Nation Posted on November 28, 2012 10:30:33 PM

Agriculture dep’t pushing establishment of food terminals ZAMBOANGA CITY -- The regional office of the Agriculture department is encouraging traders and farmers to set up barangay (village) food terminals to provide a direct market for consumers, an official said. The food terminals will benefit both farmers and consumers, said Agriculture Regional Director Eduardo B. Holoyohoy in a statement, in terms of farm costs and low retail prices. The Agriculture department described the food terminal as a depot and distribution system offering affordable, safe and quality products, while promoting "communityparticipated retail food distribution system." Mr. Holoyohoy said the project also creates employment opportunities through its livelihood components such as satellite outlets, rolling stores and establishment of food packaging and processing centers. Ferdinand D. Gamorot, regional focal person on the food terminal project, said the Zamboanga Peninsula region has at least 55 operational barangay food terminals, and nine more will be established before the yearend. Currently, most of the farmers incur high costs in transporting their produce to the market, resulting in high retail prices. The Agriculture department’s regional office has recently conducted training for farmers and traders on management, basic record and bookkeeping, and cross visits within and outside the region. Farmers and traders have recently organized the Regional Federation of the Food Terminal Operators Alliance in a bid to strengthen alliances. -- DTW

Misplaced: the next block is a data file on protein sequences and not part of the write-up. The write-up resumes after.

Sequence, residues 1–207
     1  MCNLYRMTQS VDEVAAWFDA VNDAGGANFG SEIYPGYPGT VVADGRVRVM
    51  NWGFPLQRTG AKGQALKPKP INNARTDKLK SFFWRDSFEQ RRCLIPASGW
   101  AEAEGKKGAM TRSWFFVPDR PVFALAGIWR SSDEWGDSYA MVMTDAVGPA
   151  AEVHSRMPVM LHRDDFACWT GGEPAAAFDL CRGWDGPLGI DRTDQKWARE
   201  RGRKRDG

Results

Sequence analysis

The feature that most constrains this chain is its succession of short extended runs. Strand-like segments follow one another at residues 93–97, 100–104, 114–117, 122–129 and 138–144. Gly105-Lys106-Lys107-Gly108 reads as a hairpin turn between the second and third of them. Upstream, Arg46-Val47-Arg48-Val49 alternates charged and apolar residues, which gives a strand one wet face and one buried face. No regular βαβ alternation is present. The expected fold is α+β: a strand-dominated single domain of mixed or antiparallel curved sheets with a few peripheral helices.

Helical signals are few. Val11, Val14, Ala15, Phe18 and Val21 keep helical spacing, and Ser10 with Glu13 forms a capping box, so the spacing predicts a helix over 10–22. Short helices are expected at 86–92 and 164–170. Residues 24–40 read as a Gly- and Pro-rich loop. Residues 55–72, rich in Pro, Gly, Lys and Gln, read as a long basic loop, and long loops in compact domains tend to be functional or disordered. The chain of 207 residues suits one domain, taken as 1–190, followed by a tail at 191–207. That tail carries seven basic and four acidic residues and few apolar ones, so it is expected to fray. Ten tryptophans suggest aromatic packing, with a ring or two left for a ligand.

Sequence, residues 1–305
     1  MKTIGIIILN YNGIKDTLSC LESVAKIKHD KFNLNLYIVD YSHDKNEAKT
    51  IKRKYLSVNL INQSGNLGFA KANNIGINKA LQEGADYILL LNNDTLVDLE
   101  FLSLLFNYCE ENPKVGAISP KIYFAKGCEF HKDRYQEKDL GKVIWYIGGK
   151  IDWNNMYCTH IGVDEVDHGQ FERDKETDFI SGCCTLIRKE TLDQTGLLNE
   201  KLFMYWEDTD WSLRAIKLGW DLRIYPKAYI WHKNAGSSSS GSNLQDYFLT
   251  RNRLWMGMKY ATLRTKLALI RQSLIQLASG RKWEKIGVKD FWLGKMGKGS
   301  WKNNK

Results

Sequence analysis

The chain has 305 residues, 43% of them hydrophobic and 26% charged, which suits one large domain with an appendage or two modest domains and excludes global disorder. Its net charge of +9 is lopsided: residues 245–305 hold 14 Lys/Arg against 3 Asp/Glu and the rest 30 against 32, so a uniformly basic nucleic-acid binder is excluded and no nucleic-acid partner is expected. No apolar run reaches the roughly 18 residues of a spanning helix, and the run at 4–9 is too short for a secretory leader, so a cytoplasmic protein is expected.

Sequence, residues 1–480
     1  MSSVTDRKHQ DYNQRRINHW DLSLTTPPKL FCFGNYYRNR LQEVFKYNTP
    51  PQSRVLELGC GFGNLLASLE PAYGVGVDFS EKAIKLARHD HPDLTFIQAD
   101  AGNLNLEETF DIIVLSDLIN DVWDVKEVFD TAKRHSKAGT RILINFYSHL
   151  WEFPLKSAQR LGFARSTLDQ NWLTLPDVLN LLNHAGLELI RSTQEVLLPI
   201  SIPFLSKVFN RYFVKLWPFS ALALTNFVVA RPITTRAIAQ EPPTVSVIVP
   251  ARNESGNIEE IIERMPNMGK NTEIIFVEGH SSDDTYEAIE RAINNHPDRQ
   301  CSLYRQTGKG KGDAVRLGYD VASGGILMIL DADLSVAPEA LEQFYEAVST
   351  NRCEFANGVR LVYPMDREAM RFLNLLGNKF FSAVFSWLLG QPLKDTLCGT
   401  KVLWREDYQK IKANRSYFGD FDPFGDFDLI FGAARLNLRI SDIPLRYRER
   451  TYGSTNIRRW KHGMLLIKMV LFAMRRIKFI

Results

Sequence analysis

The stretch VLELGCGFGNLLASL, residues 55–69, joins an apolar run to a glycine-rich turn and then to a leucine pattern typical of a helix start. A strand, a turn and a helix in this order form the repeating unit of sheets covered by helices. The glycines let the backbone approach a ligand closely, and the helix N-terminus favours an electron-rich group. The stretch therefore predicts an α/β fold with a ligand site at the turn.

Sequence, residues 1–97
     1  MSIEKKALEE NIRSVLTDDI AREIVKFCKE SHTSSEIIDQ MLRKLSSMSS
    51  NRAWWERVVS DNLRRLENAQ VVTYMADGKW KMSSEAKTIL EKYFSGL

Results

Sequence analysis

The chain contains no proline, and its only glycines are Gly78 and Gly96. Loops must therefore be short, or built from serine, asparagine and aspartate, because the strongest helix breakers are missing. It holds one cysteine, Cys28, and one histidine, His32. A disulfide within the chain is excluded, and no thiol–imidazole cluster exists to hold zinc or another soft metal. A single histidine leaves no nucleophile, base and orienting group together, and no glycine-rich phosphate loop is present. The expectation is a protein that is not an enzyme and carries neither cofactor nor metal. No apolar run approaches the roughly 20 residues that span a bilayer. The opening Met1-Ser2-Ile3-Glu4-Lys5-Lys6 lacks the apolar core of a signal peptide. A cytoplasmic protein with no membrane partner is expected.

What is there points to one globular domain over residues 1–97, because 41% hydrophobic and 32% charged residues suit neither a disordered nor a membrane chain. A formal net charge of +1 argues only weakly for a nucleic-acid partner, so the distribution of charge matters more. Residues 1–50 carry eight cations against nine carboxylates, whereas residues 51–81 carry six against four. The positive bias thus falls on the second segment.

Nation Posted on November 28, 2012 10:35:53 PM